Pelphrey entered the picture soon, however. And the two shared an honest conversation that sparked their still-growing relationship.
"When I first got here, Vincent had been pretty outspoken about leaving," Pelphrey said. "I called and was really up front and honest with him, asking about his intentions. We also had a heart-to-heart about some academic things that were going on, and Vincent made it clear to me that he wanted to be here, that he loved the Razorbacks.
"From that point on, he's a guy who has been all in."
Earlier this season, fans wouldn't have known that other than from watching his sideline antics. But now, Hunter is contributing in a real, measurable way. His endless intensity, especially on defense, and his 37.5 percent mark from 3-point range has earned the 6-foot-10 Hunter more minutes lately.
Not that he needs those to provide the kind of leadership that will define Hunter's legacy at Arkansas.
"He's persevered through a lot," Arkansas center Steven Hill said. "And he hasn't complained through any of it. He just wants us to win. He really is the backbone of this team."
AUBURN AT ARKANSAS
WHEN: 5 p.m. TV: ESPN Classic (Cox Ch. 122)
WHERE: Bud Walton Arena
RECORDS: Auburn, 14-14, 4-11 Southeastern Conference; Arkansas, 19-10, 8-7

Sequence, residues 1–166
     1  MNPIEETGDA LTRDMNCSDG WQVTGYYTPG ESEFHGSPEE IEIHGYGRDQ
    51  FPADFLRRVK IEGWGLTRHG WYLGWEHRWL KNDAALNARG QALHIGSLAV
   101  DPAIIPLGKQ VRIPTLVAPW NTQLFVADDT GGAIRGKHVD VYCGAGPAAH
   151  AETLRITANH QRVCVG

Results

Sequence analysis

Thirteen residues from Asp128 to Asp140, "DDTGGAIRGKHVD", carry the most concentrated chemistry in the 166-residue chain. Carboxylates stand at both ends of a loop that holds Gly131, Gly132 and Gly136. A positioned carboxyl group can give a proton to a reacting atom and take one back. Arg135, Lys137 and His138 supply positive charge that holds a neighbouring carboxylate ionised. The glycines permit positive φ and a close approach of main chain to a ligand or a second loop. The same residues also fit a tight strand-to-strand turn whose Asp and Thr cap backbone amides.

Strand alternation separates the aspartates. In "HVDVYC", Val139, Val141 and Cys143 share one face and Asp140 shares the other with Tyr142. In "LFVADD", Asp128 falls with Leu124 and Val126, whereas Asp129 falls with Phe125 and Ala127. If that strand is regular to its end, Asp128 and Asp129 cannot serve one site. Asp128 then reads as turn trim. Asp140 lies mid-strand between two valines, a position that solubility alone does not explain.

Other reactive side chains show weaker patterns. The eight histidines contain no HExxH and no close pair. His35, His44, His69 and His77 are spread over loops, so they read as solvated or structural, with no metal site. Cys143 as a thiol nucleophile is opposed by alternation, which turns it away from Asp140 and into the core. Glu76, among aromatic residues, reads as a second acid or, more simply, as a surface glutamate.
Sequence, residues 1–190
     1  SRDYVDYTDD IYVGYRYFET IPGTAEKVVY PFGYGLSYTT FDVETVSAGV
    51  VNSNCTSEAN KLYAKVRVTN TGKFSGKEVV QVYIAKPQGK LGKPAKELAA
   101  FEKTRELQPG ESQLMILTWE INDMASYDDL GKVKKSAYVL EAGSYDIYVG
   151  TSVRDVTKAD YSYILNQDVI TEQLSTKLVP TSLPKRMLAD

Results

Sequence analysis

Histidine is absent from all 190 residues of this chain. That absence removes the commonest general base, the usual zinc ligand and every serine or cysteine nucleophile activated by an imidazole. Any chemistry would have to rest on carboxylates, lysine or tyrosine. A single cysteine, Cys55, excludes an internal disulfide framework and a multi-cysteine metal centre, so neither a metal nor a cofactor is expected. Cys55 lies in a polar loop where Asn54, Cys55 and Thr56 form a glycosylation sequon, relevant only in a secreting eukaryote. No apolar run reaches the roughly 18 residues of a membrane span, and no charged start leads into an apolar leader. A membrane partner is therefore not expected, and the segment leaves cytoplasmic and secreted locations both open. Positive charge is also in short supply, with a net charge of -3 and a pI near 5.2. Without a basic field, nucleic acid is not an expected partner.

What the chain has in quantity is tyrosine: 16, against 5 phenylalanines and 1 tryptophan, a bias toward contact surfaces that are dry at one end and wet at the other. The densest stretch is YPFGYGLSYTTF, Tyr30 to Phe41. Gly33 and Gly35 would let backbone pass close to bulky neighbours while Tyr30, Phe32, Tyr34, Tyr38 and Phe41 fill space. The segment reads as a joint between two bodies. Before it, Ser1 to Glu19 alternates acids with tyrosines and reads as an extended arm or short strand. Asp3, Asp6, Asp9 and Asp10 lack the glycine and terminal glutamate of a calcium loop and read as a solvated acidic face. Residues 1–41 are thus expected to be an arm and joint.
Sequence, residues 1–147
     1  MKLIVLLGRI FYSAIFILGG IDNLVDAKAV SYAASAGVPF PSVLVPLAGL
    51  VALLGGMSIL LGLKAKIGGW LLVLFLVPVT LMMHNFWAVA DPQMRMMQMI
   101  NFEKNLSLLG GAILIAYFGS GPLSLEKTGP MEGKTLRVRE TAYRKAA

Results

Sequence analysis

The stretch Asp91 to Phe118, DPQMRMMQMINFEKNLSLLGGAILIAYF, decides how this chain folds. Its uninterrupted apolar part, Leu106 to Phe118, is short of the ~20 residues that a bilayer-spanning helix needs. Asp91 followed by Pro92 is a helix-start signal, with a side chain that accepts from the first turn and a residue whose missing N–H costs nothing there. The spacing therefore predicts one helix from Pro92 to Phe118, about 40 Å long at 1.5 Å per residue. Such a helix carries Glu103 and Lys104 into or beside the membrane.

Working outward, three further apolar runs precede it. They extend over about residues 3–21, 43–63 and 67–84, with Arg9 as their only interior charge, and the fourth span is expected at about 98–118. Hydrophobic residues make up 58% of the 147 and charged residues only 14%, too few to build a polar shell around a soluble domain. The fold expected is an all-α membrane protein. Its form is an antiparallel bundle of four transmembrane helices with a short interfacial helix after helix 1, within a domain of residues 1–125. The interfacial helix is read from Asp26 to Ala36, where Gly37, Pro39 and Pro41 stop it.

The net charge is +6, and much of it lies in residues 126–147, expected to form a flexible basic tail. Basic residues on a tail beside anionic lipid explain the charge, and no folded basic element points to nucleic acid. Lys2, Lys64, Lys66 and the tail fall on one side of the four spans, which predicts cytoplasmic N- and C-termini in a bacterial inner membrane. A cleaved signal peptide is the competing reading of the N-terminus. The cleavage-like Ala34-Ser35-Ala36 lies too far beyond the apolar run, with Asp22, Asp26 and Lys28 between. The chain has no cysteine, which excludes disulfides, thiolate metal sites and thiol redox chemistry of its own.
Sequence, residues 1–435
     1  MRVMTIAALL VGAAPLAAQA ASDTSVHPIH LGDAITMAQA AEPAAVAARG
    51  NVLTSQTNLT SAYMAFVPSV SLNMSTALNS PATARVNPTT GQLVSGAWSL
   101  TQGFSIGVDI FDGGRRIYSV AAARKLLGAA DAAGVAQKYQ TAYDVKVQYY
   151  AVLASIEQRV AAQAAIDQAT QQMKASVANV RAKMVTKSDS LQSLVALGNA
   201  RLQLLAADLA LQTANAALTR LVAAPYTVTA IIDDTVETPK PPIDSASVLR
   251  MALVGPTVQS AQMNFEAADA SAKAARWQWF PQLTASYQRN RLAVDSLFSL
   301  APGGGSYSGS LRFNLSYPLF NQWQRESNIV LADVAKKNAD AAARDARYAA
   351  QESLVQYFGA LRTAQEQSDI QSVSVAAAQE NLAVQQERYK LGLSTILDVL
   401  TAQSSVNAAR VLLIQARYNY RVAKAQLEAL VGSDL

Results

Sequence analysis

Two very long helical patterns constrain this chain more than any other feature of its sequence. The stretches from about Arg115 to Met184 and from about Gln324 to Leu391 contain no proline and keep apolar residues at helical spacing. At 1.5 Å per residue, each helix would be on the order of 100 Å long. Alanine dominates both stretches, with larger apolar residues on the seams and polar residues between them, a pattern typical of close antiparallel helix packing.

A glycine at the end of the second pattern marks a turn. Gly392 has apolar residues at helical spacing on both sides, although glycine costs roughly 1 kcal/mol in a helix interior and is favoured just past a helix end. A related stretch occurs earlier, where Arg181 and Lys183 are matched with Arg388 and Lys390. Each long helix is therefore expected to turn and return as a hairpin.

RADIO: KXIO-FM 106.9; KEZA-FM 107.9; KKEG-FM 92.1; KFPW-AM 1230; KQBK-FM 104.7; KHGG-AM 1580; KHGG-FM 103.1; KDYN-AM 1540; KDYN-FM 96.7; KTTG-FM 96.3
COACHES: Auburn, Jeff Lebo (57-62, 4th season; 172-125, 10 seasons), Arkansas, John Pelphrey (19-10, 1st season; 99-77, 6 seasons)
SERIES: Arkansas 22-13 (14-2 in Fayetteville)
LAST MEETING: Arkansas beat Auburn 76-70 on Jan. 10 in Auburn, Ala.
Hometown: Little Rock
Notables: Has played increased minutes down the stretch this season, posting averages of 4.0 points and 2.5 rebounds in 12.4 minutes over the past seven games. ... Missed the 2004-05 season and redshirted because of a dislocated shoulder and subsequent surgery. ... Averaged 15 points, 12 rebounds and eight blocks per game as a senior at J.A. Fair High in Little Rock. ... Earned most valuable player honors, as well, his senior season at the Class 4A State Tournament.
A Special Senior